New director leads agency aimed at serving older adults – Daily Inter Lake

Growing up, Carla Dyment had a wonderful relationship with her grandparents.

She recalls drinking lemon-lime soda while playing cards with her grandfather who, she says with a laugh, always cheated, and helping her grandmother in her garden.

“I lived next to them through my whole adolescence,” she said. “They provided a source of stability that was its own thing in my life.”

Dyment says that influence is a large reason she was drawn to working at the Flathead County Agency on Aging, which provides support services for those age 60 and older and their caregivers. She recently took over as director of the agency after serving as its aging services program manager for a year.

“I feel like I am honoring my grandparents by working in a field that focuses on older adults,” Dyment said. “I’ve always enjoyed working with older adults. They’ve been my mentors, my friends, my family — I wouldn’t be who I am without those relationships with older adults.”

Dyment, whose maiden name is Gunderson, grew up in Bigfork. She moved away from the Flathead Valley working for a few years in print media and product marketing, but most of her background has been in youth and family ministry working in churches as a student ministries and family pastor. She also taught at George Fox University in Oregon.

Through her work in ministry, Dyment focused on connecting the youth she was serving with older adults. It’s a concept that serves her well in her new role and one she’d like to expand even further with the Agency on Aging.

“We focused on intergenerational connections and partnering with other nonprofits for youth to serve and volunteer,” she said. “We often silo the generations, into schools and businesses and retirement homes. It’s really easy to become disconnected and connecting is my mission — whether that’s been in a ministry context or now here [at Agency on Aging.]”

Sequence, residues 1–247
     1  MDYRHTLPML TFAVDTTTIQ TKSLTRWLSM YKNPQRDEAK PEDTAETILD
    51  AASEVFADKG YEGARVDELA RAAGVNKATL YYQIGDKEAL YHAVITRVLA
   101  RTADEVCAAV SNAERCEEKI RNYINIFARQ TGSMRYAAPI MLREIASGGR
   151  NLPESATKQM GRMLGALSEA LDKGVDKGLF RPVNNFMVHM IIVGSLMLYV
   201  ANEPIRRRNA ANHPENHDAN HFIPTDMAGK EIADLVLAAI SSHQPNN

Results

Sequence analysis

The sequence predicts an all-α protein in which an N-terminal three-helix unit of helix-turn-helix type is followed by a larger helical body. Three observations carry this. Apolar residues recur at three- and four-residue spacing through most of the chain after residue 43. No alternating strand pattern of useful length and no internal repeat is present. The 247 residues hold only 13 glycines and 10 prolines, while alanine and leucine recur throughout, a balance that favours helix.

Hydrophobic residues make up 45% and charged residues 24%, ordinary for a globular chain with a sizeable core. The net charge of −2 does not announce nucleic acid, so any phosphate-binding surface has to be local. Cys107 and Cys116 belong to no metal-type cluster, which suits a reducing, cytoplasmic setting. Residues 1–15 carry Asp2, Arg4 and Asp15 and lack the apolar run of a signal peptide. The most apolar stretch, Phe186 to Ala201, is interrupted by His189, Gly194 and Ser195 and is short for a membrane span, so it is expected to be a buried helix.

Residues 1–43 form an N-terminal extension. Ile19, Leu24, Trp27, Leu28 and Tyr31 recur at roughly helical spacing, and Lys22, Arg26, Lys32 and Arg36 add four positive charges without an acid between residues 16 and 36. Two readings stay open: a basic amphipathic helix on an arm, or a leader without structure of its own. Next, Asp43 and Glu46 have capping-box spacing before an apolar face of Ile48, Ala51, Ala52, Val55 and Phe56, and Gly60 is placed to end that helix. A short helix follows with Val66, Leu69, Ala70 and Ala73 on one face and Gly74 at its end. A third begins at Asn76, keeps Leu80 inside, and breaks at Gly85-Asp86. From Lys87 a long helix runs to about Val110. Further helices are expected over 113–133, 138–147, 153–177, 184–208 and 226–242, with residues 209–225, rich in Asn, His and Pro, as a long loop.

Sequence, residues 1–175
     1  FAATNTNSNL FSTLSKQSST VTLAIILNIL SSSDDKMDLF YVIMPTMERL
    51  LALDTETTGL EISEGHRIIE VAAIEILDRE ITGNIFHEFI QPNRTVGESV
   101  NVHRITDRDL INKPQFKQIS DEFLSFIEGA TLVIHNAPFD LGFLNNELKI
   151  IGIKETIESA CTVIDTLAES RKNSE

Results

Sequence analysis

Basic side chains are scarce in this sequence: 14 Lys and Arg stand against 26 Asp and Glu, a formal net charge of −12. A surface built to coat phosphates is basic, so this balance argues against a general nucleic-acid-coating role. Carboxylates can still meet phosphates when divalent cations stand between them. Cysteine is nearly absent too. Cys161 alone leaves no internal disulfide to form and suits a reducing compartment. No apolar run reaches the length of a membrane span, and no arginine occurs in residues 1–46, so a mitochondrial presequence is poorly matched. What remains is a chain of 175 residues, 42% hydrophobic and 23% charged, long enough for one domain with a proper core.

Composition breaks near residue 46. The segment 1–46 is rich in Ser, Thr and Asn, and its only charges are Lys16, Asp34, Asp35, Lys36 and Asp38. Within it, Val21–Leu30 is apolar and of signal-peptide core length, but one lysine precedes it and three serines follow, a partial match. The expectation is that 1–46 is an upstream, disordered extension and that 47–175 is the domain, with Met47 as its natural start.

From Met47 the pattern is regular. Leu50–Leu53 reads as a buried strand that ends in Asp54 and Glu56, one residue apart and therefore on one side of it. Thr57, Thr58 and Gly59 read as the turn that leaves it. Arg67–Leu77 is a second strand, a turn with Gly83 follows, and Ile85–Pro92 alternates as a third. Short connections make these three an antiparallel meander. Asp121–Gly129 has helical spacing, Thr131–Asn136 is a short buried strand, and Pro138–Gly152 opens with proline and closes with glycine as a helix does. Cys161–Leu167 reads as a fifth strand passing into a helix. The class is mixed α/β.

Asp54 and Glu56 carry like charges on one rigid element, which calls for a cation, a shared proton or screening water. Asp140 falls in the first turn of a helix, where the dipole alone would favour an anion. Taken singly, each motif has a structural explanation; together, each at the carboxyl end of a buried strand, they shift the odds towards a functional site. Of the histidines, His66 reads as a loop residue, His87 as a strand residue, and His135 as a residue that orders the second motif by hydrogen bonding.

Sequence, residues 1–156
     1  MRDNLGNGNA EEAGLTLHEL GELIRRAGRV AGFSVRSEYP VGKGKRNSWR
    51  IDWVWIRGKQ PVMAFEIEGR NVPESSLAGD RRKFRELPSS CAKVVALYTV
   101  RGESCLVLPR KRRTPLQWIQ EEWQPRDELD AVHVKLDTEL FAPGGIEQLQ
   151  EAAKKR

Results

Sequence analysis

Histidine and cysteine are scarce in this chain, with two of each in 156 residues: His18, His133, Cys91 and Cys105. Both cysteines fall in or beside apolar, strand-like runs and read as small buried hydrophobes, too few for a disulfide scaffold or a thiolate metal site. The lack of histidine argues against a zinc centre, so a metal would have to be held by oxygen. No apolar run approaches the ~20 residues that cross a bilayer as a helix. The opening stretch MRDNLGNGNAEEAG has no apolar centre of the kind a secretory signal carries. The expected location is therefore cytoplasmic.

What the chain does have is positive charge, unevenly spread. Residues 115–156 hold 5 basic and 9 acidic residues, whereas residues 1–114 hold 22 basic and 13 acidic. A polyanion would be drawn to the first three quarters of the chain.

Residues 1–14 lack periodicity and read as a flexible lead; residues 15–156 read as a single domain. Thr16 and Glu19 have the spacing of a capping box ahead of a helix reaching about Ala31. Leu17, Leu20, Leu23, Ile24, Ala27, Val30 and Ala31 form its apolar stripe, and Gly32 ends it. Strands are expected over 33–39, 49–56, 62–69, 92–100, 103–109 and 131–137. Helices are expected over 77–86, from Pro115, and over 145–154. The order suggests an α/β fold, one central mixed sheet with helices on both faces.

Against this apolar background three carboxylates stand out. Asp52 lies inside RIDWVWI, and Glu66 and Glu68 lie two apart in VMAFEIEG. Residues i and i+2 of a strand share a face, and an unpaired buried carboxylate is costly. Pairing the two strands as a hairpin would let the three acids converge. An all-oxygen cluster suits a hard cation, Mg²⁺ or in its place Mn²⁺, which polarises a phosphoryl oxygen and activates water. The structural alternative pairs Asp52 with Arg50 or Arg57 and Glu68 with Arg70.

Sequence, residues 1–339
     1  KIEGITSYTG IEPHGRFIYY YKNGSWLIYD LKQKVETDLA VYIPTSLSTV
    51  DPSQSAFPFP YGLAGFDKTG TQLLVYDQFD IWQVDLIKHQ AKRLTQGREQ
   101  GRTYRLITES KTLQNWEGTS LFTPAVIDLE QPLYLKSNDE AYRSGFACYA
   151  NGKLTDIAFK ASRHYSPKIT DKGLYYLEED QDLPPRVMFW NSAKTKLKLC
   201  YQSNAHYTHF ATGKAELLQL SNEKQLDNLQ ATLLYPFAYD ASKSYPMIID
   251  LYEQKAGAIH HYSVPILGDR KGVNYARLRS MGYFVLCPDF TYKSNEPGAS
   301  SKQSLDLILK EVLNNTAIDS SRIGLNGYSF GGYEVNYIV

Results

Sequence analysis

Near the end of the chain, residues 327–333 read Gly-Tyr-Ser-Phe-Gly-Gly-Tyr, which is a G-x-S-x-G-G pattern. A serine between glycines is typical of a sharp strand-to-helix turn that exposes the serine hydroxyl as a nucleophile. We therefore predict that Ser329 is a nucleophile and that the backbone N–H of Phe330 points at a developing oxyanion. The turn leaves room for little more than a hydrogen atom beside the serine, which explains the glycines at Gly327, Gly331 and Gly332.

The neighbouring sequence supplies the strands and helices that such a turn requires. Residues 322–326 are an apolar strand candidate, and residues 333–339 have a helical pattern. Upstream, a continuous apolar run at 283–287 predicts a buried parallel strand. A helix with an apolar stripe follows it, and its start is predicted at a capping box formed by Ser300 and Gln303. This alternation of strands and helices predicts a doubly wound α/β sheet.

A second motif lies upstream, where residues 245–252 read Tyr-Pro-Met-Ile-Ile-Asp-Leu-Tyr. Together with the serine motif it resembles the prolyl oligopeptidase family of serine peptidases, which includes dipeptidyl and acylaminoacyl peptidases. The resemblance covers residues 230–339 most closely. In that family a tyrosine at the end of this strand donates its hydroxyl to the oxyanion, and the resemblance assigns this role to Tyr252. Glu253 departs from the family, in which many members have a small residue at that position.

LAST YEAR Dyment returned home to ensure that she and her daughter would spend more time with her parents and other family members. Now her daughter is building that relationship with her grandparents, playing basketball with her grandfather and baking with her grandmother.

“I really began to want that experience for my own daughter,” she said. “To experience growing up with daily grandparent support and for me to be more involved in my parents’ lives.”

Her work experience and life experience have placed Dyment in a unique position to create connections between generations and think about the importance of all ages supporting each other. She says some of the first friendships she formed upon returning were with two men in their late 70s while they were all out walking their dogs.

“The more that we can connect to each other, especially across different ages, we learn different things,” she said.

THE FORMER Agency on Aging director Lisa Sheppard had overseen the department since 2013 before leaving recently for a job as the CEO of Missoula Aging Services.

Dyment says she wants to build on the legacy created by Sheppard and others at AOA. She says she believes there’s work to be done for the most vulnerable older adults in the community.

“I wanted to be a part of joining others in continuing to build a future in which we can age with dignity,” she said. “We all need to be asking ourselves what we want the future to look like for ourselves, and our loved ones, when we’re 60, 70, or 100 years old. It helps us to see what is working now, what isn’t and what we should do about it.”

The focus remains on the sustainability of the agency’s programs, such as its Meals on Wheels program, family caregiver support, benefits counseling, in-home services, advocacy for residents in assisted living and nursing homes, veterans directed care program and connecting older adults and their caregivers to community resources.

The agency is set to participate in a statewide needs assessment in March that will include surveys and focus groups to assess how older adults’ needs are changing. Dyment says that will be an opportunity to look at ways to better serve a growing senior population.

“I’m looking forward to getting that feedback to look at what are the needs and what’s changed for people,” she said. “As community needs change, those are things we need to pay attention to collectively to identify problems and find creative solutions.”

Features editor Heidi Desch can be reached at 758-4421 or